It's an attempt to understand violent youth crime but can a TV series really do anything to help combat the problem? George Kotschy witnessed the show, with Cherie Blair as the star, at Birmingham's Town Hall.
Can five people on a commission for a TV programme help solve violent youth crime in Britain? That's what the Channel 4 Street Weapons Commission, headed by Cherie Blair, is attempting to do with hearings in five major cities.
The Birmingham stop, in the middle of the tour, involved a broad range of witnesses including Warwickshire's Chief Constable, Keith Bristow; Ann Oakes-Odger, the mother of a boy stabbed to death, and former gang member Chris Lew.
The investigation comes at a time when knife crime is a hot topic. A man was stabbed to death on Oxford Street on Monday, and 13 teenagers have been fatally stabbed in London since the start of the year.
Yesterday's hearing, filmed by Channel 4 for broadcast this summer, presented an odd spectacle. Inside Birmingham's majestic Town Hall, the commission was set in a gloomily lit room with a handful of members of the press.
Alongside were TV crew, including cameramen, technicians and a woman whose job it seemed was to occasionally stand and put her hand in the air.
In this strange environment sat the panel at one table and the witnesses at a smaller one opposite.
Given the controversy surrounding her memoirs, and her position as chair, Cherie Blair was the centre of attention. Dressed in lilac, Mrs Blair aka Ms Cherie Booth, QC, was clearly attempting to prove she is still committed to the noble cause of helping stop violent youth crime.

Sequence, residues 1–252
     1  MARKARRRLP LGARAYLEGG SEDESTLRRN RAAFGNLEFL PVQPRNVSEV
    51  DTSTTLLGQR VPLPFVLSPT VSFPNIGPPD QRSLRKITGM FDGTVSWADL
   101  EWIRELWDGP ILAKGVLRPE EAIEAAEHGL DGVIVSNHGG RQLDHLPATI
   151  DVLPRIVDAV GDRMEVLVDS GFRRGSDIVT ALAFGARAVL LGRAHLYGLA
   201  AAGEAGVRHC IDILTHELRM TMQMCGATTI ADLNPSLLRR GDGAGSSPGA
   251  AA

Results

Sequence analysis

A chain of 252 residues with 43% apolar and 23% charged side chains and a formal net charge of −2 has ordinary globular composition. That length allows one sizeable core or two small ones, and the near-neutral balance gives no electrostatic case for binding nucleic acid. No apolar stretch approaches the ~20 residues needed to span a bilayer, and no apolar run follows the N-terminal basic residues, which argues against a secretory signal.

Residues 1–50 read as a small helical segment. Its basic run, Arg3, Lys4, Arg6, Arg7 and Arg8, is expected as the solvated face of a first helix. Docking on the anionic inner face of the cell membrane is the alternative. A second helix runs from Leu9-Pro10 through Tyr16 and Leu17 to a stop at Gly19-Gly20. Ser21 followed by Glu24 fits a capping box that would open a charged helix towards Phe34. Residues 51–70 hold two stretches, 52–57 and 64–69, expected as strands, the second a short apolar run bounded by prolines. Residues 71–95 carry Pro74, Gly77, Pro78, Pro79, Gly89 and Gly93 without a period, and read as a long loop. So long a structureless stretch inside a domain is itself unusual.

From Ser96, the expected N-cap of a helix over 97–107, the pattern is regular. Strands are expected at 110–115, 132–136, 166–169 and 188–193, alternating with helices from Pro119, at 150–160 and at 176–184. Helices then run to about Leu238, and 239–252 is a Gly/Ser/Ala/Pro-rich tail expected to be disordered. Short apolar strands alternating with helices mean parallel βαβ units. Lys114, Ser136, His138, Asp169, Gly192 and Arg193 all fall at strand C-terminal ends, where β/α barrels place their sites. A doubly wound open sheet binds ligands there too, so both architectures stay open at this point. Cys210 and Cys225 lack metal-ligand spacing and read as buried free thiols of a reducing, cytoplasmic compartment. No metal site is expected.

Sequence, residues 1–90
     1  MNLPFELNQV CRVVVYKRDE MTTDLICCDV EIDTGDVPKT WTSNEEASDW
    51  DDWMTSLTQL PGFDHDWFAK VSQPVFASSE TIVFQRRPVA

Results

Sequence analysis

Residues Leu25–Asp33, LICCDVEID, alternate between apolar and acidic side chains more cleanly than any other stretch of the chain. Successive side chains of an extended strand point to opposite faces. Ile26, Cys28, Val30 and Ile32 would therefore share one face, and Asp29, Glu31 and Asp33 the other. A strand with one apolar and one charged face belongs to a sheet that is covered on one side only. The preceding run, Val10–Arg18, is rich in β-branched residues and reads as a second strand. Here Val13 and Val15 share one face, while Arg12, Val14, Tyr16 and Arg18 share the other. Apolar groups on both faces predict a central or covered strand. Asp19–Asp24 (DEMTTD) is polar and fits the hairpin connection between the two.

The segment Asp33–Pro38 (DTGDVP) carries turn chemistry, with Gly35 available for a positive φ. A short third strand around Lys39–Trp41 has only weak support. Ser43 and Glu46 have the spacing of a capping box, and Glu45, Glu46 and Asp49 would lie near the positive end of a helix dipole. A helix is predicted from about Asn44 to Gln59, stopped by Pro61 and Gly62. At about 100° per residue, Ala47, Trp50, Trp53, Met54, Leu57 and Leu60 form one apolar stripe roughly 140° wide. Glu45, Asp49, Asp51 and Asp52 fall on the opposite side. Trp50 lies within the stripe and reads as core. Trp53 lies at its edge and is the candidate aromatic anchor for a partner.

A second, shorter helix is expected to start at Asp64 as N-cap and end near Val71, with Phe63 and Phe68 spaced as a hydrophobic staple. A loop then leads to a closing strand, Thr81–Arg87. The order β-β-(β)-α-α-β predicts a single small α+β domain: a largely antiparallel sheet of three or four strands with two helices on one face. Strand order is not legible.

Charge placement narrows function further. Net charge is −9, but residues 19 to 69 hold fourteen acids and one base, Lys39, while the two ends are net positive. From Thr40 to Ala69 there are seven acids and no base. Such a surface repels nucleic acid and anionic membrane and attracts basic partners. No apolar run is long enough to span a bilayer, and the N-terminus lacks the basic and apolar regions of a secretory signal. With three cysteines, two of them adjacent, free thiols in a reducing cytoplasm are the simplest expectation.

As each witness was brought out she introduced them, then presented the first question to each individual. Her competency in this role varied as much as the guests' background.
On certain issues she was insightful and thoughtful, mainly those in which she could show her legal background. Her questions to Suzette Davenport, Assistant Chief Constable of the West Midlands Police, were an example. On the other hand she was found wanting when faced by former gang member Lew.
She opened the commission's line with "Are there guns in Britain and what do they do?"
Given the previous three hours of the commission had discussed gun and knife crime and the loss of life it can cause, this seemed a strange question.
Any hopes of getting Mrs Blair to comment about her memoirs disappeared as quickly as she did as the cameras switched off.
The commission was thorough and detailed, at times overly so, but the question remains: what can it achieve?
It was established the reasons for knife and gun crime include drugs, poverty, desperation, frustration and a lack of initiatives to encourage a more positive path.
The solutions seemed less clear.